Hewitt/ Suchocki Conceptual Physical Science Fourth Edition Chapter 2: NEWTON’S LAWS OF MOTION - PowerPoint PPT Presentation

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Hewitt/ Suchocki Conceptual Physical Science Fourth Edition Chapter 2: NEWTON’S LAWS OF MOTION

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  1. Hewitt/Suchocki Conceptual Physical Science Fourth Edition Chapter 2: NEWTON’S LAWS OF MOTION

  2. Chapter Objectives • Newton’s First Law of Motion • Newton’s Second Law of Motion • Forces and Interactions • Newton’s Third Law of Motion • Summary of Newton’s Three Laws

  3. Overview • Newton’s First Law of Motion • States • Examples (tablecloth, space probes and more • brakes, if applied too abruptly, can present a hazard, and again, the significant factor here is inertia. Like the brick wall, brakes stop the car, but there is nothing to stop the driver and/or passengers. Nothing, that is, except protective devices: the seat belt to keep the person’s body in place, the airbag to cushion its blow, and the headrest to prevent whiplash in rear-end collisions. • Moving earth • Newton’s Second Law of Motion • States: connection b/n force and motion • Formula • Examples • Free fall and non-free fall • Newton’s Third Law of Motion • States (two forms) • Examples (tire push on road, rocket push on gas, spring pull, earth pulls on ball) • Summary of Newton’s Three Laws

  4. Newton’s First Law of Motion • The law of inertia: (originating with Galileo) states: • Every object continues in a state of rest or of uniform speed in a straight line unless acted on by a nonzero force. • What resists change? • Property of object called inertia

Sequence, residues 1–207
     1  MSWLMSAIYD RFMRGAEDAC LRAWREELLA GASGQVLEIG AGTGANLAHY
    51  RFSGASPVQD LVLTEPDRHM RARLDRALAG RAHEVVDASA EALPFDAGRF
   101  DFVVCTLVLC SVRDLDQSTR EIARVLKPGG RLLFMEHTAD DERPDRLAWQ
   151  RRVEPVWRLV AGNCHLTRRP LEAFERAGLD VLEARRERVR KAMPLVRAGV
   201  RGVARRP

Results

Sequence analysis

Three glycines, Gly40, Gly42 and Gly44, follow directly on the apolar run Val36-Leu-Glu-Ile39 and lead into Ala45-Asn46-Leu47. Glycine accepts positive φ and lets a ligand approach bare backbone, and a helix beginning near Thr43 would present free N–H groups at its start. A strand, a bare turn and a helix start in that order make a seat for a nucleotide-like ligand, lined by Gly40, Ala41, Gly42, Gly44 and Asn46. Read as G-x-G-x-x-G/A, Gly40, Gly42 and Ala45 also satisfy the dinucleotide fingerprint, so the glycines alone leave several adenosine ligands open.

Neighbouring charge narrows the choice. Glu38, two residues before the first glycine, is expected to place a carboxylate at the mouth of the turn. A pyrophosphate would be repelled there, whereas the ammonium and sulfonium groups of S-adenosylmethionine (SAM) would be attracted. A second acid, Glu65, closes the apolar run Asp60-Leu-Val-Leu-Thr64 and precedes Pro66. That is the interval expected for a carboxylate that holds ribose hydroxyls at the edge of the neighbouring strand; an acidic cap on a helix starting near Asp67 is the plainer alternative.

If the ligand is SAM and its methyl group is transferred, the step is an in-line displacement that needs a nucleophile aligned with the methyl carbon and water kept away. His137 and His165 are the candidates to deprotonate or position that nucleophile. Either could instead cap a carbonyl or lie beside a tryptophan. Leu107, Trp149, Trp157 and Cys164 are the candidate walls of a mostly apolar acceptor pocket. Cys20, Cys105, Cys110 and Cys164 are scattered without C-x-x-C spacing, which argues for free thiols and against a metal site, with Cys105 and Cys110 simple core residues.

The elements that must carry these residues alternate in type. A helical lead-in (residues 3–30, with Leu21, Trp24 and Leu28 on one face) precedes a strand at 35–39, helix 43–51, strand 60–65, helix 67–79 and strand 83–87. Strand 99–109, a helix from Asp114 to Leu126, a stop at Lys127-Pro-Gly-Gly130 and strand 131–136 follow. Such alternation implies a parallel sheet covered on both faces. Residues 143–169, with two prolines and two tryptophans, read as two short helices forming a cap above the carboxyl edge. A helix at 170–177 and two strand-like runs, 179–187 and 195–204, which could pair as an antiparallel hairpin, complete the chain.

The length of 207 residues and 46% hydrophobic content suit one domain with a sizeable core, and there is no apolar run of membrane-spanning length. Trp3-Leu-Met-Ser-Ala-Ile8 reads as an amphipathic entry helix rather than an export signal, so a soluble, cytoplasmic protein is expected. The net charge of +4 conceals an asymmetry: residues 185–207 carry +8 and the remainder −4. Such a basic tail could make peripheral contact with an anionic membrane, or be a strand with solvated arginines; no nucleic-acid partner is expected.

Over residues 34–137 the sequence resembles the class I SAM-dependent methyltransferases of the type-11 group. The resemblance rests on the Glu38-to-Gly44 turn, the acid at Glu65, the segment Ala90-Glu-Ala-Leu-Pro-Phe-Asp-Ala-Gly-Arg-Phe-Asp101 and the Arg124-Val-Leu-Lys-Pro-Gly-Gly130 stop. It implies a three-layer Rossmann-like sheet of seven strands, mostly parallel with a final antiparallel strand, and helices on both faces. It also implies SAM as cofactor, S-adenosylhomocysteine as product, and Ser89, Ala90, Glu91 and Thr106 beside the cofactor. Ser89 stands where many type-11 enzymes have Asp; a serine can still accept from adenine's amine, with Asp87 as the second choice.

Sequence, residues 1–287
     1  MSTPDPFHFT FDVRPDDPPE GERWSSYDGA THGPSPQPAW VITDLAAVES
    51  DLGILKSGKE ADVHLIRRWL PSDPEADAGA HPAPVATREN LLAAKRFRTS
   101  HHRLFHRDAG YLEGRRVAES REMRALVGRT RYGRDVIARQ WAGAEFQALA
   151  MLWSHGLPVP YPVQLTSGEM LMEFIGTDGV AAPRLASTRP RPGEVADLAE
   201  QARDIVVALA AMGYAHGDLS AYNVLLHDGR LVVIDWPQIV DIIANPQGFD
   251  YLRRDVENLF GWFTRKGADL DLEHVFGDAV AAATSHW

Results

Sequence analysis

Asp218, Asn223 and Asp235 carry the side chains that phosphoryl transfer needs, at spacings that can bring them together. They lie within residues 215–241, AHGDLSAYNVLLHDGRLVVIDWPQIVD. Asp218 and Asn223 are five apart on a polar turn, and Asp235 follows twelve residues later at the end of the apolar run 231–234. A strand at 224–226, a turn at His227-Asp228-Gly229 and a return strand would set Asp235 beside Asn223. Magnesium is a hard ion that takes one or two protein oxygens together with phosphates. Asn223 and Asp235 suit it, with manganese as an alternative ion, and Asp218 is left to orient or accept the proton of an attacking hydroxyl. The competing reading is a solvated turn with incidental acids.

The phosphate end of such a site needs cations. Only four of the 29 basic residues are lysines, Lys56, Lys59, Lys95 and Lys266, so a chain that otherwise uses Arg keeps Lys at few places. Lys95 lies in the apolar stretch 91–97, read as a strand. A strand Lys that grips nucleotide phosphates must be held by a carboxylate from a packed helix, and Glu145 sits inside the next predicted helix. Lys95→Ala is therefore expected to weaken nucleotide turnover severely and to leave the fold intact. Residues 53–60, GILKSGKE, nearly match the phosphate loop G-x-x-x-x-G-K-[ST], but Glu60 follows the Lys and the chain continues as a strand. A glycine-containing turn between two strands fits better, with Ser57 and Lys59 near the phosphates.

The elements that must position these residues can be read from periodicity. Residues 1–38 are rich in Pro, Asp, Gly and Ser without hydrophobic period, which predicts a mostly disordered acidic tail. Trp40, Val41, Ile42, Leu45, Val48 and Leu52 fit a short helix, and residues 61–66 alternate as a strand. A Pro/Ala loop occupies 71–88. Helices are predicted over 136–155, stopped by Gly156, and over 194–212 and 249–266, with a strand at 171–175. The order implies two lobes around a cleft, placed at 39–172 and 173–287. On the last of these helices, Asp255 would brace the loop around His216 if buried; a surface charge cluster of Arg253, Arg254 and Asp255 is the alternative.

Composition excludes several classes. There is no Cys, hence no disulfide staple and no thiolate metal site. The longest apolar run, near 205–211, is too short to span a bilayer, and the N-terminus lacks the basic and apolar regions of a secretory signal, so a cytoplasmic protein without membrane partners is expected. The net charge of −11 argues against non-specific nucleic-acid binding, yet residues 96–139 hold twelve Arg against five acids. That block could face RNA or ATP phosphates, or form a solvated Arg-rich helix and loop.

5. Examples of inertia http://www.youtube.com/watch?v=yku2FU6miyc http://www.youtube.com/watch?v=gMAW2mNdYQc

  6. Examples of inertia- continued

  7. The moving Earth •When you flip a coin in a high-speed airplane, it behaves as if the airplane were at rest. •The coin keeps up with you.

  8. The moving Earth-continued •Can the bird drop down and catch the worm if the Earth moves at 30 km/s?

  9. Newton’s Second Law of Motion The law of acceleration States: The acceleration produced by a net force on an object is directly proportional to the net force, is in the same direction as the net force, and is inversely proportional to the mass of the object.

  10. Newton’s Second Law of Motion- continued Newton’s second law in equation form: small net force and large mass: small acceleration large net force and small mass: large acceleration

  11. CHECK YOUR NEIGHBOR 1. Consider a cart pushed along a track with a certain force. If the force remains the same while the mass of the cart decreases to half, the acceleration of the cart • remains the same. • halves. • doubles. • changes unpredictably. 2. Push a cart along a track so twice as much net force acts upon it. If the acceleration remains the same, what is a reasonable explanation? A. The mass of the cart doubled when the force doubled. B. The cart experiences a force that it didn’t before. C. The track is not level. D. Friction reversed direction.

  12. Newton’s Second Law of Motion- continued • When acceleration is g—free fall. • When the only force acting on a falling object is gravity, with negligible air resistance, the object is in free fall. • An object in free fall accelerates toward Earth at 10 m/s per second.

  13. Free Fall • The ratio of weight to mass is the same for all falling objects in the same locality; hence, their accelerations are the same in the absence of air resistance.

  14. Free Fall • In a vacuum, a feather and a coin fall together at g—the acceleration due to gravity. • When an air-filled glass tube containing a coin and a feather is inverted, the coin falls quickly to the bottom of the tube while the feather flutters to the bottom. http://www.youtube.com/watch?v=5C5_dOEyAfk